Colorado Governor Announces Solution for Baby Formula Shortage

Kelly E.
A shortage of baby formula leaves many Colorado parents worried.By alfa27 on Adobe Stock Images

This week, Governor Jared Polis announced a hopeful solution to the baby formula shortage affecting Colorado and the rest of the United States.

Polis hopes a partnership formed with Mothers’ Milk Bank (MMB) through the Rocky Mountain Children’s Health Foundation will help to give parents access to the milk they desperately need to feed their newborns.

“It is critical that we use every option out there to make sure our infants do not go hungry. Moms who are able to donate breastmilk should do so as a lifeline for those who can’t, and no matter how you feed your baby, a fed baby is the priority,” said Governor Polis in a press release.

Why is there a shortage?

Almost half of all baby formula in the US is produced by one company, Abbott Nutrition the food sector of Abbott Laboratories.

Early in 2022, there were reports of four infants becoming seriously ill from bacterial infection after consuming the Abbott formula manufactured in their Sturgis plant in Michigan. Two infants tragically passed away.

On February 17, after hearing of the reports, Abbot voluntarily recalled certain formulas produced in the Sturgis plant.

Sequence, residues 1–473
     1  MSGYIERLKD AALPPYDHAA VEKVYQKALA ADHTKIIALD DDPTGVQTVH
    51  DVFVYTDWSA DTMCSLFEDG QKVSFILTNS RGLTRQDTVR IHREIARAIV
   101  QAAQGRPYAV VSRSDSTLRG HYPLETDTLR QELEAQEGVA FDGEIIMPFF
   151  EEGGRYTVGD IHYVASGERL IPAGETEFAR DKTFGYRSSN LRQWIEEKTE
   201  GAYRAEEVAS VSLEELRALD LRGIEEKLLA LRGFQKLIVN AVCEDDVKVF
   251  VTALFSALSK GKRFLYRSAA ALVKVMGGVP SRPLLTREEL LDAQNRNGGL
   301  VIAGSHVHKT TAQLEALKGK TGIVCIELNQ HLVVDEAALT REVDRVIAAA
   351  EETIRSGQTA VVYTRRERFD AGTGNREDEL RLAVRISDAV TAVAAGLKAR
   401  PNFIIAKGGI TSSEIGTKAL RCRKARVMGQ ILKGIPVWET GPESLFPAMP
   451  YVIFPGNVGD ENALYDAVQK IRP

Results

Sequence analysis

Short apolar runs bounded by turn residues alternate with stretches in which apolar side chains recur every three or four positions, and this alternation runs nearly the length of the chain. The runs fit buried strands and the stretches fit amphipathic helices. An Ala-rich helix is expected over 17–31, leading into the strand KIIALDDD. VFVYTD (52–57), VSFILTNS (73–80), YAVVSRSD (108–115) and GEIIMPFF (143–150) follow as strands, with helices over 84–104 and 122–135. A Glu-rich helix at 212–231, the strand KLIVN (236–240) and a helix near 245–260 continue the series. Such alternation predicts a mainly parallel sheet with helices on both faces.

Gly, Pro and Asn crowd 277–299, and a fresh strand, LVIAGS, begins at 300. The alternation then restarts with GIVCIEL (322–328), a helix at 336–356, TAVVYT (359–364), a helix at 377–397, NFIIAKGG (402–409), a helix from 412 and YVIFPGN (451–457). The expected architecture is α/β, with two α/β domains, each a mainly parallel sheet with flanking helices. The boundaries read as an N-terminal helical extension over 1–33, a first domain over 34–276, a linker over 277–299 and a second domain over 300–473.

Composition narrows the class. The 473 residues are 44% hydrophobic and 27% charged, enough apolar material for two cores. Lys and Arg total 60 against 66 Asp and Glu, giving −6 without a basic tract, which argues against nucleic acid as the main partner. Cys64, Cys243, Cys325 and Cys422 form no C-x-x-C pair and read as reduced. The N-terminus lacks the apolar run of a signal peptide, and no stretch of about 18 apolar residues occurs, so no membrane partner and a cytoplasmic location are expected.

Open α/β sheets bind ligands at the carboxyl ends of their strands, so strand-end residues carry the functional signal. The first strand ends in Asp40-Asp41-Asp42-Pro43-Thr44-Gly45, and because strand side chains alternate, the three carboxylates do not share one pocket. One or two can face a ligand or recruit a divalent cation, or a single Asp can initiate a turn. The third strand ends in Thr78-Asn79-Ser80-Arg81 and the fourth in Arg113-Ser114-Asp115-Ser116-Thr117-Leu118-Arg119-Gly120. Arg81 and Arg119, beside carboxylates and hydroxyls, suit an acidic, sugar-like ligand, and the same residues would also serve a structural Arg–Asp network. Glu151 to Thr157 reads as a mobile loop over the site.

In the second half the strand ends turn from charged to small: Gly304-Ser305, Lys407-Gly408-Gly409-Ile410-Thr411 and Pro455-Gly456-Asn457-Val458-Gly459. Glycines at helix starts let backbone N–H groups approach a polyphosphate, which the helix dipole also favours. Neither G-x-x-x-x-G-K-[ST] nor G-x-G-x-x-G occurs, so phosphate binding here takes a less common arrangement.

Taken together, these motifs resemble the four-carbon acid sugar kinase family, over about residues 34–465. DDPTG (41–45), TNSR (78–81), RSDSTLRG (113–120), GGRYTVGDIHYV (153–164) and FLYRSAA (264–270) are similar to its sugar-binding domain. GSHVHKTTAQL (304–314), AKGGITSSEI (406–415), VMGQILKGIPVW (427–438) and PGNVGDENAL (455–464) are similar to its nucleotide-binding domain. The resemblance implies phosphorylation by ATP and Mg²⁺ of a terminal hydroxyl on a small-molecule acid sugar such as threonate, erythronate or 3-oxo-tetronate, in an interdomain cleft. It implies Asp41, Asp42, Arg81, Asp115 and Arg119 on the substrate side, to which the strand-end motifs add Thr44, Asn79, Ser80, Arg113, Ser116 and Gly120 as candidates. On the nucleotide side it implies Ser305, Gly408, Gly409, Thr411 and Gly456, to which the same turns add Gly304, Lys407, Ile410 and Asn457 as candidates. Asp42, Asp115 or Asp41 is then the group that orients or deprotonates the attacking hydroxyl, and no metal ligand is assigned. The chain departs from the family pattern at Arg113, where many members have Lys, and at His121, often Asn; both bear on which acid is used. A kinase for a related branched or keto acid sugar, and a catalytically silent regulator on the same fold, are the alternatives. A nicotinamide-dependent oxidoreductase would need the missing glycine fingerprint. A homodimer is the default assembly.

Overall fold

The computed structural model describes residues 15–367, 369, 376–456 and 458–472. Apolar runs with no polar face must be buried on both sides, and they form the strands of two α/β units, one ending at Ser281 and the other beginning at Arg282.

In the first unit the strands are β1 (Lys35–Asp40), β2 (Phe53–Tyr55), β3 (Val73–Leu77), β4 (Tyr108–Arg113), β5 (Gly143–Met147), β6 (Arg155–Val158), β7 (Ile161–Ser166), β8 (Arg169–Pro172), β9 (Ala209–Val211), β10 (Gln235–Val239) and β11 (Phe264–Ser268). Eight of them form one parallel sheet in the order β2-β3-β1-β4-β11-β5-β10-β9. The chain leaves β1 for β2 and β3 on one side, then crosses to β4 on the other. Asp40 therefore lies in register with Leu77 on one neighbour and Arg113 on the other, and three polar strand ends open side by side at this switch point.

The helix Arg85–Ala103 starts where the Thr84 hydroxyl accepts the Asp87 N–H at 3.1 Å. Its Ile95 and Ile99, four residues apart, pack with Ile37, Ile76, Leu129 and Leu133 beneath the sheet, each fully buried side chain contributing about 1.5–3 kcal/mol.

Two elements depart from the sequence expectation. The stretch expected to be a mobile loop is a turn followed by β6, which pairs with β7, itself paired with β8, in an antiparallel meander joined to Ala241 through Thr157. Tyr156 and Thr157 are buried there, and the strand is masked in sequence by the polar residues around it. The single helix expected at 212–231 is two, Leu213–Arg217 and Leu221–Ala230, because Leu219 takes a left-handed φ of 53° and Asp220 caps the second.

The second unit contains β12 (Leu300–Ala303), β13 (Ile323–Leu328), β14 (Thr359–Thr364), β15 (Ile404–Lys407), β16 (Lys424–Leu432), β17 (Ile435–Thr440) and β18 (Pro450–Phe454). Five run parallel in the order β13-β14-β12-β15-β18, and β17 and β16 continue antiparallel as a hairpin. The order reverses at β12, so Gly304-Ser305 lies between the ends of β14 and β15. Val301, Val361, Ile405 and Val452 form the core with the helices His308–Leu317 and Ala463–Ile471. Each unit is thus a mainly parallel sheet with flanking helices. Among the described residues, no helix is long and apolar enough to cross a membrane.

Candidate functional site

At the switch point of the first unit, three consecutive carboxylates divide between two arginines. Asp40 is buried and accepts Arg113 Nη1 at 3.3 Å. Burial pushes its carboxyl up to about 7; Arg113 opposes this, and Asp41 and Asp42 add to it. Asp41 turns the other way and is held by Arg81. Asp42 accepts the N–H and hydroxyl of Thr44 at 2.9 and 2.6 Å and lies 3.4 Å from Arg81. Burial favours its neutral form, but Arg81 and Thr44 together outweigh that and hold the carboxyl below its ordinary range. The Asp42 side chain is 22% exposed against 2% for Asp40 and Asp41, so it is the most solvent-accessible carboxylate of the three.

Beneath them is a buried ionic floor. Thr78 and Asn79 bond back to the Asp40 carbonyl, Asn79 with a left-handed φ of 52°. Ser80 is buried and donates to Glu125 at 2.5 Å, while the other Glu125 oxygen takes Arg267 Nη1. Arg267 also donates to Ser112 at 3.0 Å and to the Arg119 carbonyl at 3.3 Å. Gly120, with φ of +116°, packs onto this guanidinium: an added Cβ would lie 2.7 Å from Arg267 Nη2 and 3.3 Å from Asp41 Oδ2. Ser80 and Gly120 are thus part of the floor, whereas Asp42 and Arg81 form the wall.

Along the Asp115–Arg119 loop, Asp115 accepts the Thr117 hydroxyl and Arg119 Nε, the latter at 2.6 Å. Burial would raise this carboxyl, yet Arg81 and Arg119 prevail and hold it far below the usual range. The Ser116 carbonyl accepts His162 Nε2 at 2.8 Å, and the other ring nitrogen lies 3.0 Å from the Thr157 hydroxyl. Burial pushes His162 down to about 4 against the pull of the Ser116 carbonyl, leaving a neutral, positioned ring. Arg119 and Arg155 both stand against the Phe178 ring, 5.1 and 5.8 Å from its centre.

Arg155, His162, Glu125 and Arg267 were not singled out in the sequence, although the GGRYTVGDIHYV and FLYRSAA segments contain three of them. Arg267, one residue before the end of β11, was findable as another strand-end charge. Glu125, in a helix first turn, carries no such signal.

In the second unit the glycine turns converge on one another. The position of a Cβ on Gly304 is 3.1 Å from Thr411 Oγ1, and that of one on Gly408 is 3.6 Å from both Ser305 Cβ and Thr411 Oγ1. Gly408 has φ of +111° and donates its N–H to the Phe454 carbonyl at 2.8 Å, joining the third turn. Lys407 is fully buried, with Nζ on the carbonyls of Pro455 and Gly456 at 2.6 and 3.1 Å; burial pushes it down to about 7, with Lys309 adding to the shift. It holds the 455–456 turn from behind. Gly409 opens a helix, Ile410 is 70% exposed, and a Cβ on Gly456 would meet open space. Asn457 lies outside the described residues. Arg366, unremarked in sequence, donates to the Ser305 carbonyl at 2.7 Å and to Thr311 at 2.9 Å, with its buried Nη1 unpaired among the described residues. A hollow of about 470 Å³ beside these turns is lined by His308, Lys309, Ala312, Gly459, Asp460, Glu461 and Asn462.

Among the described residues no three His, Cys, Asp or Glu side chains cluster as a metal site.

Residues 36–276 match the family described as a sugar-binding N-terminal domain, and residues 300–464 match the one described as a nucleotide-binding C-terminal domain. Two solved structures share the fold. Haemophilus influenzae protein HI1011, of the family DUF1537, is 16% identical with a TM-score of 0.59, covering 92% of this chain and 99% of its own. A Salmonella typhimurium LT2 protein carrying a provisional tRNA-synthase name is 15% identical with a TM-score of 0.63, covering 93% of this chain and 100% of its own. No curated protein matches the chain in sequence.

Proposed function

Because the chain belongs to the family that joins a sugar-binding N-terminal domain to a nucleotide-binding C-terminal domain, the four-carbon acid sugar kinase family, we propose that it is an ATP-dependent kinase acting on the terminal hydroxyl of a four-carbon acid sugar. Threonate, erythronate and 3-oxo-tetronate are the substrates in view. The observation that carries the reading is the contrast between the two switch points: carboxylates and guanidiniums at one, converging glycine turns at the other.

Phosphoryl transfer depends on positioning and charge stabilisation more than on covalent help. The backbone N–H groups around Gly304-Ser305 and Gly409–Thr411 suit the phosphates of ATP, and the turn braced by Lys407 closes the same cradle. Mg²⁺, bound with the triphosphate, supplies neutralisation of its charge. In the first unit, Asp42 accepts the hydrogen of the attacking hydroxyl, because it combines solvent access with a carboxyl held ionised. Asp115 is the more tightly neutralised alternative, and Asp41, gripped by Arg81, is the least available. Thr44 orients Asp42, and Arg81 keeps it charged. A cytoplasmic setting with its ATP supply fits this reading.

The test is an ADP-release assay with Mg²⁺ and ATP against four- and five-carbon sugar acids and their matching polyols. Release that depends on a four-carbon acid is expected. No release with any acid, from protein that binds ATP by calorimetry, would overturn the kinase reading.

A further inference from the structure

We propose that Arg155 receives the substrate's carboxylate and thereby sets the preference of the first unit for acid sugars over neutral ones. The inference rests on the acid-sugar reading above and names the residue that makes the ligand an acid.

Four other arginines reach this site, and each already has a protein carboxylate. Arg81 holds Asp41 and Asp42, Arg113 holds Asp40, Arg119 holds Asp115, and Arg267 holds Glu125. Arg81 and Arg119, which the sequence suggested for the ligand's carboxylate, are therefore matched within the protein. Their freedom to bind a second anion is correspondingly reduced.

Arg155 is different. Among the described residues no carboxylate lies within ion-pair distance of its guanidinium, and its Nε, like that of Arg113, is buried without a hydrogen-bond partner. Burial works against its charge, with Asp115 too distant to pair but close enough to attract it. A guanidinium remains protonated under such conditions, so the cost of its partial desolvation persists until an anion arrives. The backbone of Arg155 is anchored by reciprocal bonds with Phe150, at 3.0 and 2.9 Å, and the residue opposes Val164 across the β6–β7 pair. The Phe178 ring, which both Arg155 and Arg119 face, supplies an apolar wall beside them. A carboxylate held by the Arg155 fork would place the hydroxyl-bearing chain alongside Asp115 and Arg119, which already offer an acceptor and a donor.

Abbott has shut down the plant until safety of the baby formula can be ensured and the FDA approves their reopening.

According to a news report last week, the company says they won’t be able to get product from its Sturgis facility on shelves for another five to seven weeks.
Milk Banks may provide relief for worried Colorado parentsBy Pixel-Shot

How do Milk Banks work?

Milk banks run under strict guidelines set out by the Human Milk Banking Association of America.

There are 31 milk banks throughout the US, including Mother's Milk Bank in Colorado.

Typically, milk banks are used to feed premature babies. One ounce of donated milk can feed a micro premmie for an entire day.

Donors are often mothers who are breastfeeding and produce more milk than their baby requires. They go through a screening process and their milk donations are pasteurized and tested.

“Every ounce counts. The more donated milk we can get in the door now, the more we’ll be able to support families for the weeks and months to come,” said Rebecca Heinrich, Director of Mothers’ Milk Bank. “We are thrilled to partner with Colorado on this important effort to support families.”

The Mother's Milk Bank is physically located in Arvada, Colorado, outside of Denver.

However, donations can be made from anywhere in the US as their are many Donation & Outreach Centers that serve as drop-off locations.

Check their website for more details about donating and purchasing milk.

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